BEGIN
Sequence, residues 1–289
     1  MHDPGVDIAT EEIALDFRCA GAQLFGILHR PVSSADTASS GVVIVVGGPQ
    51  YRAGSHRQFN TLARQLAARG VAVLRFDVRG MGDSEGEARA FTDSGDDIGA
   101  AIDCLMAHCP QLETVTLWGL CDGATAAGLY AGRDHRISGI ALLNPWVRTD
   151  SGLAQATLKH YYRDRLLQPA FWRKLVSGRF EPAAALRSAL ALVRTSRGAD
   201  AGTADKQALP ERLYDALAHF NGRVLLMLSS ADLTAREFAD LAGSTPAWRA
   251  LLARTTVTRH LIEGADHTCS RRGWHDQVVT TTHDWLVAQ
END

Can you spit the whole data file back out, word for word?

Sequence, residues 1–289
     1  MHDPGVDIAT EEIALDFRCA GAQLFGILHR PVSSADTASS GVVIVVGGPQ
    51  YRAGSHRQFN TLARQLAARG VAVLRFDVRG MGDSEGEARA FTDSGDDIGA
   101  AIDCLMAHCP QLETVTLWGL CDGATAAGLY AGRDHRISGI ALLNPWVRTD
   151  SGLAQATLKH YYRDRLLQPA FWRKLVSGRF EPAAALRSAL ALVRTSRGAD
   201  AGTADKQALP ERLYDALAHF NGRVLLMLSS ADLTAREFAD LAGSTPAWRA
   251  LLARTTVTRH LIEGADHTCS RRGWHDQVVT TTHDWLVAQ